CARPHA executive director Dr Joy St John says it is not wise to reopen Trinidad and Tobago's borders to nationals coming from COVID-19-hit regions at this time.

People who are currently outside Trinidad and Tobago should stay out to prevent a second or a possible third wave of COVID- 19 cases, says Caribbean Public Health Agency executive director Dr Joy St John.

St John’s recommendation comes even as some members of the public and Opposition continue to call for a reopening of the borders to allow some nationals stranded abroad to return home.

Speaking at a virtual press conference on Wednesday, however, St John said opening the borders will not allow T&T to flatten the curve.

She said epidemiological data on COVID-19 cases is currently being compiled which shows the analysis of the distribution, patterns and determinants of health and disease conditions in defined populations. This date, he said, is already showing that they must be very careful in how they approach treatment and management of the spread of the virus. She noted that a risk profile is also being done on patients, incorporating data on their ages and health history to help the in the battle to eradicate the virus.

“We don’t have the full picture. PAHO (Pan American Health Organisation) may have it. We do not just do a demographic profile but also an epidemiological profile because we are aware that there will be second and third waves of the disease,” she said.

“People with diseases, lung conditions, those older with underlying conditions, there are some people who will not be exposed but if we open our borders and increase traffic from countries with transmission (then we could have a second or third wave).”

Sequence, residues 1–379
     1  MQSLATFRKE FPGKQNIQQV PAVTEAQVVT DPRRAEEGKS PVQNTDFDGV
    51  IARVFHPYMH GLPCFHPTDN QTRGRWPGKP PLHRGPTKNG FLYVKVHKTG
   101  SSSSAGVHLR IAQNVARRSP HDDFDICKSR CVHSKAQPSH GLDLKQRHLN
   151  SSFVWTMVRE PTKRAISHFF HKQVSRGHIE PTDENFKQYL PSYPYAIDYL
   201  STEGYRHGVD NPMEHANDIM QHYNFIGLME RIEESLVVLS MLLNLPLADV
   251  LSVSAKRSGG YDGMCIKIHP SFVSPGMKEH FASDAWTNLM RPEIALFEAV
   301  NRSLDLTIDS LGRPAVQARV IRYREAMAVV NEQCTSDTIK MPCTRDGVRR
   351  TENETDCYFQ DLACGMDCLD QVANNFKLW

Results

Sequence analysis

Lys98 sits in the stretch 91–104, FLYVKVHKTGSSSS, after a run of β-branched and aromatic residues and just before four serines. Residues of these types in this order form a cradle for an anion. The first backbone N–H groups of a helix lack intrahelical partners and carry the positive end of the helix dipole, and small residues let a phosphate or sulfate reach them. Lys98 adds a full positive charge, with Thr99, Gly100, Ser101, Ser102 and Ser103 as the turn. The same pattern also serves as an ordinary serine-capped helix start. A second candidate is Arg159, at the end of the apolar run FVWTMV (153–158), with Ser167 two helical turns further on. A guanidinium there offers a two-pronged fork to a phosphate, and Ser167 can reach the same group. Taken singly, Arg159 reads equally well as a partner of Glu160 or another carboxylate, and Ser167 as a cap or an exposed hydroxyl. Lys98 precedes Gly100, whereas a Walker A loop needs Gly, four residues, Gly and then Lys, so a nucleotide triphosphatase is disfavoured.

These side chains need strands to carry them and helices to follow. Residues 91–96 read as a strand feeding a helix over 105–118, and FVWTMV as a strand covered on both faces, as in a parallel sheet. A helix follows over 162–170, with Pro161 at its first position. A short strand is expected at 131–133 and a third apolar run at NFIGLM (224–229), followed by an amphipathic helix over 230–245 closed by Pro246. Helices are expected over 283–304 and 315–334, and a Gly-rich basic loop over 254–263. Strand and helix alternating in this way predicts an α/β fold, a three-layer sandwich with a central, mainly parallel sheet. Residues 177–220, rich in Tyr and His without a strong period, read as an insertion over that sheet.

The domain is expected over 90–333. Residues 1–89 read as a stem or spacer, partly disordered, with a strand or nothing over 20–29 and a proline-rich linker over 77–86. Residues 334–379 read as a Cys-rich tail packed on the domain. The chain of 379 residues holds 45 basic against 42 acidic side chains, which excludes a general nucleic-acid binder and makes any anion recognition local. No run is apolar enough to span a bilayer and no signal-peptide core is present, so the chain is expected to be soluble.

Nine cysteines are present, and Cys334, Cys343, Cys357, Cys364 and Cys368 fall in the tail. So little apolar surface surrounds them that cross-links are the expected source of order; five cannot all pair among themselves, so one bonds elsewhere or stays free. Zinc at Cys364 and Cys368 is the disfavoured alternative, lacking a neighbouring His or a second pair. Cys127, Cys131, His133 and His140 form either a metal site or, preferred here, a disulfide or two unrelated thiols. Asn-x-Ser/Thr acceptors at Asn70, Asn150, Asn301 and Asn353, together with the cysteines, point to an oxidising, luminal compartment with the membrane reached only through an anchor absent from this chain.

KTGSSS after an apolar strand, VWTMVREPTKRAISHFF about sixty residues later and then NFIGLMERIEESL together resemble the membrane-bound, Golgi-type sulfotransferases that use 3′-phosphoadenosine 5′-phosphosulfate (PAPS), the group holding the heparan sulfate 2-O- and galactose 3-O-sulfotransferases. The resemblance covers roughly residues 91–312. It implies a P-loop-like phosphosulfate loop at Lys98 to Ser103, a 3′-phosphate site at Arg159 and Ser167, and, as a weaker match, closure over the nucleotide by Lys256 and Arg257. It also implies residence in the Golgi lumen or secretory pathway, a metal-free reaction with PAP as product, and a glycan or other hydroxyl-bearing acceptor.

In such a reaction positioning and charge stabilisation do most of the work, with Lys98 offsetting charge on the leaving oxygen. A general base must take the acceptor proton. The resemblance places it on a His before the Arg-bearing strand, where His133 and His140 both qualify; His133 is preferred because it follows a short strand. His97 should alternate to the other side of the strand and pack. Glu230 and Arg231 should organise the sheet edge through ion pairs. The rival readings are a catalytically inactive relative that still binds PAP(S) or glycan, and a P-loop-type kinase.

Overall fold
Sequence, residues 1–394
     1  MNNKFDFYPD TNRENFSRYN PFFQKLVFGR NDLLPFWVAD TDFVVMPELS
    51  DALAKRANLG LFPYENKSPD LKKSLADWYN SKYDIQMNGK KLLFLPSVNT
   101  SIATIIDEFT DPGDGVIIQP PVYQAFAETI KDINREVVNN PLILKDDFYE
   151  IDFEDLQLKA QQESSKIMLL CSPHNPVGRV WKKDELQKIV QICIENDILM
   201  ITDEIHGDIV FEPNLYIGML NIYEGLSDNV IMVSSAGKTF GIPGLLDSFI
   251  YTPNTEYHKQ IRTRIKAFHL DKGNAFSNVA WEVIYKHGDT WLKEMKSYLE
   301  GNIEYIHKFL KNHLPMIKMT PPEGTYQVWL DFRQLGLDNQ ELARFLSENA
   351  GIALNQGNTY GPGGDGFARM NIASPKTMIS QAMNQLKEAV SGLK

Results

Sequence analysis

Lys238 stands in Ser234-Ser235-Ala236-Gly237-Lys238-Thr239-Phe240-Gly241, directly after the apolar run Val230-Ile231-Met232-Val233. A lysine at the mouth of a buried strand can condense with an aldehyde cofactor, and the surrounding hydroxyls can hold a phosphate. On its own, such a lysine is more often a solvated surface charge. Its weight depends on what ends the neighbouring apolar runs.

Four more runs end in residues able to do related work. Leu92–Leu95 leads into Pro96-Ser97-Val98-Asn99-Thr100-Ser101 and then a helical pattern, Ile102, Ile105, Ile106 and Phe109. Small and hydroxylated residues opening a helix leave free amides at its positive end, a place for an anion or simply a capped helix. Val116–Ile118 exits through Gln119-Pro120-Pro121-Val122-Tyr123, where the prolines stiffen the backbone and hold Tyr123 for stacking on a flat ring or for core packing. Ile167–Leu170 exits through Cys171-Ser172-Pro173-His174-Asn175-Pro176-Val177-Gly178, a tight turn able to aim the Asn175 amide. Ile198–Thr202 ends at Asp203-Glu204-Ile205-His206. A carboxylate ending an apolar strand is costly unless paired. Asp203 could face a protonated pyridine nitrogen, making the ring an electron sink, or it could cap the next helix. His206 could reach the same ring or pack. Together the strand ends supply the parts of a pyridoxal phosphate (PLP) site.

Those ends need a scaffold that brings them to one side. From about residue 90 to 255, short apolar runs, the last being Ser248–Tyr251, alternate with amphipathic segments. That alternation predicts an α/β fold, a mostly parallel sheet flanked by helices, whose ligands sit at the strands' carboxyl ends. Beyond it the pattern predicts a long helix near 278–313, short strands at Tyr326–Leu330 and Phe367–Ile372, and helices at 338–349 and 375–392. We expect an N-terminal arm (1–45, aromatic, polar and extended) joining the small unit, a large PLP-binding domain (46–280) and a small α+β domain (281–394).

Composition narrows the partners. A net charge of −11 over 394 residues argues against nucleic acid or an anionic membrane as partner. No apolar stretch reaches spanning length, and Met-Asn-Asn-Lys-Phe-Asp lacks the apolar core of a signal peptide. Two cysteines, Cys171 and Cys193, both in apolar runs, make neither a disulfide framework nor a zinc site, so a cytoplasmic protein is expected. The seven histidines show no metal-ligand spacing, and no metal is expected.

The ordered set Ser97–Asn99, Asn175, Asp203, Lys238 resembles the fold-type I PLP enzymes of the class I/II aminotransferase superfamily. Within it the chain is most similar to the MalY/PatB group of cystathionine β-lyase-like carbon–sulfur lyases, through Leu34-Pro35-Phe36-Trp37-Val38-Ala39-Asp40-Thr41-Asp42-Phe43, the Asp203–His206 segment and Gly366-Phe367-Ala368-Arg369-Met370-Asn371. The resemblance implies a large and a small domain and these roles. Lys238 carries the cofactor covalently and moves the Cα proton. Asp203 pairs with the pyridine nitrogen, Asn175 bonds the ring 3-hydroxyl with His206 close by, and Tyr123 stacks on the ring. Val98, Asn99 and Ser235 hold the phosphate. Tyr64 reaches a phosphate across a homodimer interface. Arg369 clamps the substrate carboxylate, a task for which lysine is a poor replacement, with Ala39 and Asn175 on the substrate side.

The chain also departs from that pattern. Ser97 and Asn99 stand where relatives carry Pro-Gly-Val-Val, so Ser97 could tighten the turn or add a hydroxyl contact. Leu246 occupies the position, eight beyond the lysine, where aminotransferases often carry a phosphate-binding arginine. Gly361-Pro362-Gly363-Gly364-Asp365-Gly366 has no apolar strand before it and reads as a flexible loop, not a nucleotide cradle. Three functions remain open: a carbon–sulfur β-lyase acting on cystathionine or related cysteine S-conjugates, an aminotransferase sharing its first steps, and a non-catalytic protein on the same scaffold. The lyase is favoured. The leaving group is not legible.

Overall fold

Asked whether the Caribbean was already seeing a second wave, St John responded, “We are about to get into the sloping of the curve and we are on the flat part, please don’t put a second wave on top of that.”

Asked whether other countries outside of the Caribbean were experiencing a second wave, she said, “A second wave on top of the first wave is not the experience globally. There is an epidemic curve, a peaking, waning and then cessation. Usually, if there are no deaths in 14 days you are out of the first wave. Having a second wave means the measures that we put to curtail the disease in the first wave have been lifted.”

However, she said most countries are increasing their measures and have expanded the range of businesses that cannot open and implementing certain suppression measures.

“We’re not in the second wave yet,” she added.

Minis­ter of National Security Stuart Young announced the closing of the nation’s borders from midnight on March 22 until further notice, which meant a ban on all incoming international passenger flights.

Several nationals, including groups in Barbados, Suriname and Venezuela, have been unable to return home and people from several spheres, including their family members, have been urging the Government to allow them to return home, while the UNC has even threatened to take the matter to court.

However, both Prime Minister Dr Keith Rowley and Young have reiterated repeatedly that they will not reopen the borders as they have to act in the best interest of those here in T&T by keeping the borders closed.